When the Taliban seized control of Afghanistan, they also grabbed a stockpile of weapons worth tens of billions of dollars that had been left behind by the United States.
According to a Special Inspector General for Afghanistan Reconstruction report published in July, the United States invested nearly $83 billion in supporting the Afghan National Defense and Security Forces, with more than $24 billion of that amount going toward funding weapons, vehicles, and other equipment. In 2017, the Government Accountability Office estimated that around 70% of the investment went towards other budget items such as training.
Taliban soldiers are believed to have taken dozens of aircraft, including Blackhawk helicopters, and thousands of vehicles, communications equipment, and weaponry in the aftermath of the swift take over of the Afghan government last month. The Biden administration was pressed to come up with a number representing the amount of equipment that was in the Taliban's possession. Meanwhile, Republican members of the House Armed Services Committee-sponsored legislation are pushing for the White House to disclose such information with Congress.
“No one has any accounting of exactly what survived the last weeks of the collapse and fell into Taliban hands, and even before the collapse, SIGAR had publicly reported no accounting was possible in many districts,” the Center for Strategic and International Studies analyst Anthony Cordesman told The Washington Post.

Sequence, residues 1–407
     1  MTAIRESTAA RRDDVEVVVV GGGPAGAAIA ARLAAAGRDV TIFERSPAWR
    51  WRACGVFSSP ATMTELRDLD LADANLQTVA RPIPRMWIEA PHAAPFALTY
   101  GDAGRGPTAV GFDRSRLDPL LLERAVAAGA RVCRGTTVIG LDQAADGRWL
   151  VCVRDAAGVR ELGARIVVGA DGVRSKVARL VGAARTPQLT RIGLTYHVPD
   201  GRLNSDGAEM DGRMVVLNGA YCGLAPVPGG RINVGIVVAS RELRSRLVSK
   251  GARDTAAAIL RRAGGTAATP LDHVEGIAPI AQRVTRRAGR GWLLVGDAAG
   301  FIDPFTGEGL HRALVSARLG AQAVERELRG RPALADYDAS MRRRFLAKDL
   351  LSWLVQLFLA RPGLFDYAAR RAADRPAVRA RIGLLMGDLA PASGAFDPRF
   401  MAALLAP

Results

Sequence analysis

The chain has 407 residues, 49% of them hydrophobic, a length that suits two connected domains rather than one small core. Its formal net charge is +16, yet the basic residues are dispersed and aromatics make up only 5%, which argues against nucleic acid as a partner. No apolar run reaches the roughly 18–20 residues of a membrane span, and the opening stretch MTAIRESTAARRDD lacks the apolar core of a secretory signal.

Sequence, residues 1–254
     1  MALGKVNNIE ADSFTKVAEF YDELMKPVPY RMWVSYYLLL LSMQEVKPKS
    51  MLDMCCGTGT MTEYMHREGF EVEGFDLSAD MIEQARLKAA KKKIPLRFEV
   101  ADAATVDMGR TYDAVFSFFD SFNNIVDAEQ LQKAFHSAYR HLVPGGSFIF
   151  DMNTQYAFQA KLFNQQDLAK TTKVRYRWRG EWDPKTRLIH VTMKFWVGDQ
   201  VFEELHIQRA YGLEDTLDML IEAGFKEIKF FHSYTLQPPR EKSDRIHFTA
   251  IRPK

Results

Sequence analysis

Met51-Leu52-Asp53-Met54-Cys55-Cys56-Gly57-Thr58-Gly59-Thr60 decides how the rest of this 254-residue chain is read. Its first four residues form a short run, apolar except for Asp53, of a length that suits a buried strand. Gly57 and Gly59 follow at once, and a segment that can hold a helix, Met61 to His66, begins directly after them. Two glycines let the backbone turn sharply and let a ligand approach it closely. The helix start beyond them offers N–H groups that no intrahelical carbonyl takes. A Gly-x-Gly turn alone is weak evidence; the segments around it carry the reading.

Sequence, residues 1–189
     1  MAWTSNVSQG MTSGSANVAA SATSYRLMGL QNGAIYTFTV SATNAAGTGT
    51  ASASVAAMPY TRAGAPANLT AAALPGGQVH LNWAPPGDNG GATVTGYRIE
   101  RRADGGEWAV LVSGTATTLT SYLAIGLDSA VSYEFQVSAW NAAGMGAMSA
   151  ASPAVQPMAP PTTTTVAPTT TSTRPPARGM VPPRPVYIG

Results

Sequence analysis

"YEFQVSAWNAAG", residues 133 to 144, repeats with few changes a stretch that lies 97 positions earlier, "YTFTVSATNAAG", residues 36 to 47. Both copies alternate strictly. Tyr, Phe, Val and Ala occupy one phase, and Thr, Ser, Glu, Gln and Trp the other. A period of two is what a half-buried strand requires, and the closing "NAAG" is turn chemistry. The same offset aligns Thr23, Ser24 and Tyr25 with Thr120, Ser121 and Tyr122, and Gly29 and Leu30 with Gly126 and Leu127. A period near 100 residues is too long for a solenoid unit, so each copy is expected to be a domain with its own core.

“In rough terms, however, if the ANDSF could not sustain it without foreign contractors, the Taliban will have very serious problems in operating it,” he continued. “That covers most aircraft and many electronics and heavier weapons.”
In total, the United States has provided more than 599,690 arms to the ANDSF since 2004, including rifles, pistols, machine guns, and rocket-propelled weapons, as well as more than 16,191 pieces of surveillance equipment, such as night-vision goggles and radio monitoring systems, and more than 208 aircraft, including helicopters, cargo planes, fighter jets, and surveillance drones. According to the July SIGAR assessment, 80 percent of the aircraft provided to the ANDSF were in operable condition.
— Nabih (@nabihbulos) August 30, 2021
“The stance, the way they’re holding the rifles, the trigger finger, how it's flat and laying outside the trigger guard,” Project on Government Oversight defense policy analyst Dan Grazier told the LA Times. “That's a hallmark American military training right there.”